Addgene-Seeding Labs Plasmid Grant: Accelerating Science Globally - 5 Scientists, 4 Countries & 3 Continents!

By Susanna Bachle

Addgene Seeding Lab Awardee Map

Accelerating science and supporting scientists globally are the shared mission of both Seeding Labs and Addgene. The Addgene-Seeding Labs plasmid grant is a collaborative endeavor providing plasmids to researchers in developing countries. We are proud to introduce the 5 scientists who were awarded the Addgene-Seeding Labs Plasmid grant this year. These scientists work on projects spanning from the identification of plant compounds and insecticidal proteins to the development of renewable biotechnology products and biosensors for herbicides as well as developing yeast as source for dietary supplements!

Development of a bacterial expression system for renewable biotechnology products

Dr. Idah Sithole-Niang, University of Zimbabwe, Zimbabwe

Sithole Lab

Dr. Idah Sithole-Niang (above, left) is an Full Professor in Biochemistry with a background in virology who has worked with both animal and plant viruses. Now focusing on plant biology, she coordinates the Network for the Genetic Improvement of Cowpea, a knowledge database for this important agricultural plant.

Her current research focuses on endophytes, bacteria, and fungi that reside within living plants and that produce compounds with various antimicrobial activities (1). She has developed a fast endophyte screening system and plans to employ the light‐inducible bacterial expression system pDawn to clone and express newly identified proteins and enzymes. These compounds will later get tested for their potential agricultural and medical use.

Find More Optogenetic Tools Like pDawn 

Making cassava plants resistant to cassava mosaic virus

Dr. Fiona Robertson, University of Zimbabwe, Zimbabwe

Fiona Rovertson lab

Dr. Fiona Robertson (far left) is a Senior Lecturer and a Plant Molecular Biology and Biotechnology expert. In order to preserve Cassava yields and to increase the potential for this drought tolerant plant, Dr. Robertson aims to make use of the CRISPR/Cas9 technology to engineer plants that are able to destroy DNA viruses, similar to the anti-phage CRISPR effect observed in bacteria. Learn more about the different CRISPR applications in plants.



Transgenic yeast as source of dietary supplements

Nair Lab

Dr. Mrinalini Nair, University of Baroda, India

Dr. Mrinalini Nair, Associate Professor (Right), focuses on molecular biotechnology for improving expression of nutritionally and therapeutically significant proteins. In this project she aims to create transgenic yeast as an alternative source of essential omega-3 fatty acids complementing vegetable oil, a somewhat poor natural source of unsaturated fatty acids. These fatty acids are essential, which means that the body requires them but cannot produce them. By using yeast integration vectors (see for example this yeast cloning kit) she intends to make yeast capable of desaturating fatty acids.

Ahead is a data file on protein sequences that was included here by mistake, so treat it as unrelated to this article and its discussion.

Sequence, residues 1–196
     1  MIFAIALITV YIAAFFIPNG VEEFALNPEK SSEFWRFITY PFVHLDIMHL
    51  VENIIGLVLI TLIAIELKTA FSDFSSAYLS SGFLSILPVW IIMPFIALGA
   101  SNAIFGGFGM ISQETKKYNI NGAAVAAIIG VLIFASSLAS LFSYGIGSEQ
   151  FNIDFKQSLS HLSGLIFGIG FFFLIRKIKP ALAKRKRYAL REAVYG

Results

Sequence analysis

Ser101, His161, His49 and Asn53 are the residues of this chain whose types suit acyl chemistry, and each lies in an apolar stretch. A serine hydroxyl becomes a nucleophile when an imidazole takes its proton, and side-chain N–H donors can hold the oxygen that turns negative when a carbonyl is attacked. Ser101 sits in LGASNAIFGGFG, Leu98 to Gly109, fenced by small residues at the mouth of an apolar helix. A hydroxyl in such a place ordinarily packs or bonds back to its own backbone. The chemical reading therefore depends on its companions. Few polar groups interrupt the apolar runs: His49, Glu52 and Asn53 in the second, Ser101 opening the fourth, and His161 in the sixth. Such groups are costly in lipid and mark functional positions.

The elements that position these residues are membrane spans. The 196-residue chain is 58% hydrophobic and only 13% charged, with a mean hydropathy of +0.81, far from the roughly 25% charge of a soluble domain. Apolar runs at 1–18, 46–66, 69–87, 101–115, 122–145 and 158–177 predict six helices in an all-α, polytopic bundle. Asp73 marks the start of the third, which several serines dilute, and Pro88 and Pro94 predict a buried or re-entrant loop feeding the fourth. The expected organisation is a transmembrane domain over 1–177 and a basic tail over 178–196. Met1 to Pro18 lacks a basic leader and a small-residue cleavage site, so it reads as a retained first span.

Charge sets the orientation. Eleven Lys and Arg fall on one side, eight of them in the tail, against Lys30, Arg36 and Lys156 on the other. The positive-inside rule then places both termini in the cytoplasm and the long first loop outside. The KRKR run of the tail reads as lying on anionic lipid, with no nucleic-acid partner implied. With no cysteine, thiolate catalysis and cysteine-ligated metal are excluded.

Identification of Insecticidal Proteins

Linh Bao Ton (M. Sc.), Nong Lam University, Vietnam

Linh Bao Ton lab

Linh Bao Ton (center) is interested in applying gene technology to bacteria and plants. Her research involves cloning cry genes from the soil bacterium Bacillus thuringiensis and analysing the insecticidal potential of Cry proteins in order to manage insect pests and to support sustainable agriculture. For this project the expression of isolated bacterial proteins can be achieved using a bacterial expression system such as the pET GFP LIC cloning vector and the pOKD plasmids. The recombinant Cry proteins will then be screened for toxicity against local insect pests. By developing biological agents such as insecticidal proteins, the use of chemical pesticides may be avoided or decreased.

Biosensors for herbicide detection

Dr. Rodrigo Arturo Rivera Solís, Universidad Autónoma de Yucatán, Mexico

Rodrigo Arturo Rivera Solis lab

Dr. Rodrigo Arturo Rivera Solís, Associate Professor (above, far right), thrives to make affordable biosensors that detect herbicides, such as glyphosate, in water. He aims to leverage a glycine oxidase reaction to indirectly detect glyphosate via H2O2, one of the reaction’s metabolites. One useful genetically encoded H2O2 probe is pQE-30-HyPer3 (2) which he will co-express together with a plasmid encoding glycine oxidase. The goal is to determine potential water contaminants and to subsequently develop technologies to protect fresh water repositories in Mexico.

At Addgene we're happy to be able to support diverse groups of scientists working in a wide range of research fields and geographical locations. We are excited to see how all of the Addgene-Seeding Labs Plasmid Grant awardees' projects progress. Subscribe to the Addgene blog for updates and future collaborations.

Many thanks to all of the awardees, all who applied, and to Seeding Labs who helped us coordinate and promote the awards.


1. Martinez-Klimova, Elena et al. “Endophytes as sources of antibiotic” Biochemical Pharmacology 2017 Jun 15;134:1-17. PubMed PMID: 27984002.

2. Bilan, Dmitry S. et al. “HyPer-3: A Genetically Encoded H2O2 Probe with Improved Performance for Ratiometric and Fluorescence Lifetime Imaging” ACS Chemical Biology 2013 Mar 15;8(3):535-42. PubMed PMID: 23256573.

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